Master of None, the latest original series from Netflix, created by and starring Aziz Ansari, came along without much fanfare. I hadn’t even heard of it before I saw it on my “new releases” screen. Having been a fan of Parks and Recreation (also starring Ansari), I decided to give it a chance, but I started it without any real expectations. The general plot is a familiar one: the show follows the life of 30-something Dev Shaw (Ansari) and his group of friends living in New York City as they juggle work, a social life, and the struggle to find some purpose and direction for themselves.
One thing that immediately sets Master of None apart is that it is a polished work. Besides the high production quality that more closely resembles a movie than a TV sitcom, it quickly becomes clear that there is great attention to detail put into every scene in order to pack the most value into the show’s 30 minutes. Each episode has a narrative specific to it, often about issues that are rarely dealt with in television such as how senior citizens are treated (“Old People”) or how exciting new relationships often become routine and dull (“Mornings”). In this sense, each episode could almost be thought of as a standalone feature that provides a bit of social commentary, insulated with quick, witty dialogue, and a sort of quirky charm.
The show excels at examining issues without getting too preachy. Within the larger issue of each episode, the focus is often on the small day-to-day things that come out of that episode’s premise. In the second episode, “Parents,” for example, Dev talks about how his parents went through so much trouble, immigrating to America just to give him a chance at a better life, and yet he can’t be bothered to help set up his father’s new iPad. I think everyone can relate to the argument Dev and his girlfriend Rachel (Noël Wells) have over how to properly use a tube of toothpaste — a great example of how the most trivial things can drive you crazy when you live with a significant other. It’s the inclusion of moments like these that gives Master of None an immediate depth that takes many shows half a season or more to find.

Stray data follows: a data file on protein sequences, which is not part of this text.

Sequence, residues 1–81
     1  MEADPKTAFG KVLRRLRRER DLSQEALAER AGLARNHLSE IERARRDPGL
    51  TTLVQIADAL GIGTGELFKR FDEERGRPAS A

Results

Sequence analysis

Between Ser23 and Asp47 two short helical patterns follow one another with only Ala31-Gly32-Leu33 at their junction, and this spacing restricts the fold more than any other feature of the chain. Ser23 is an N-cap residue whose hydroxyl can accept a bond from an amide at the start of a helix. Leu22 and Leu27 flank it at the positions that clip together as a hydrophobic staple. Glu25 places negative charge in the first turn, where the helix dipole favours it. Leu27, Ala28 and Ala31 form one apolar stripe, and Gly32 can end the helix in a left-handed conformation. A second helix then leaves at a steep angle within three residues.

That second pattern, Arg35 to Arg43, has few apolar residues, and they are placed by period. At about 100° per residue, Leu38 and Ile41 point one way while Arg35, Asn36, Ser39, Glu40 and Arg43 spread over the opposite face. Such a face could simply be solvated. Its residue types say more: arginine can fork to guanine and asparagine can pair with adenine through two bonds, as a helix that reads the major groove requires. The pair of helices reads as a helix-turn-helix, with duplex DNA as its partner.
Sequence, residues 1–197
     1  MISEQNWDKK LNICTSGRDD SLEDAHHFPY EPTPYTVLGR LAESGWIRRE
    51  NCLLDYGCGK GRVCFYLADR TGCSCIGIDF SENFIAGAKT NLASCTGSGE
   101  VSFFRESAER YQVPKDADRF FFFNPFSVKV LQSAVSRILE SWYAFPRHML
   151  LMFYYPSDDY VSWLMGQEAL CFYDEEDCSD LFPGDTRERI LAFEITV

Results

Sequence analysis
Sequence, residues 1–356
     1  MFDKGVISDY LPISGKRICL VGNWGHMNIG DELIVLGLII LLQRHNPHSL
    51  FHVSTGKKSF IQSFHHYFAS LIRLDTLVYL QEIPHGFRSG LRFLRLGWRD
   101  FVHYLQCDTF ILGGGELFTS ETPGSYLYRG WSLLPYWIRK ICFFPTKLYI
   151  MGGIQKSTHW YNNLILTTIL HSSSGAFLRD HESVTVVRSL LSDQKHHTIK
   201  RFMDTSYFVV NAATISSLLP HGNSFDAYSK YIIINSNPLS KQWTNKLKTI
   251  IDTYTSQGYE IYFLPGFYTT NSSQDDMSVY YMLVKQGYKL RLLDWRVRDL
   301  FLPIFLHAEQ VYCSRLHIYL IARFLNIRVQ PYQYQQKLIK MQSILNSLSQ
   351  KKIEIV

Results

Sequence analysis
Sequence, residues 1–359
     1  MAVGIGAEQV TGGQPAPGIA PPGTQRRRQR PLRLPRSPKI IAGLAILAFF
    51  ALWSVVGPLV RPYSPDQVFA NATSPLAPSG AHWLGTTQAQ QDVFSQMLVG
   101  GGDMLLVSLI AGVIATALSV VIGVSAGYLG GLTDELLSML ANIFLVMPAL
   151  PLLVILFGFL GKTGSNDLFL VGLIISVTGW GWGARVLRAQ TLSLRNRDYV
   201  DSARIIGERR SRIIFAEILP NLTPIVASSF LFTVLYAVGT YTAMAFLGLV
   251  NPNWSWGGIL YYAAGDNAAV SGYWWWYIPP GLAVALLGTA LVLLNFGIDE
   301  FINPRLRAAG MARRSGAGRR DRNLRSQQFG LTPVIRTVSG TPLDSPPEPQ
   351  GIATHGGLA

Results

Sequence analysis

The writing can sometimes be stretched a little far to elucidate the episode’s premise and the acting stumbles occasionally; Dev’s parents are played by Ansari’s real-life parents, who are clearly not professional actors, but the raw chemistry is part of what helps the show sink in. Not every episode is a home run either. I found that “Parents” dragged a little bit by telling the detailed backstory of both Dev’s and his friend Brian’s (Kelvin Yu) fathers, but I can appreciate the boldness in writing an episode that focuses so much attention on the main character’s parents, especially in the show’s second episode. I suspect different people will have different episodes that speak to them instead of there being a consensus favourite.
And that’s where the show reveals its greatest strength: being relatable somehow in every episode, even when dealing with topics that are quite specific. Like all good works of art, Master of None shines a light on how we handle things, both big and small, in our own lives.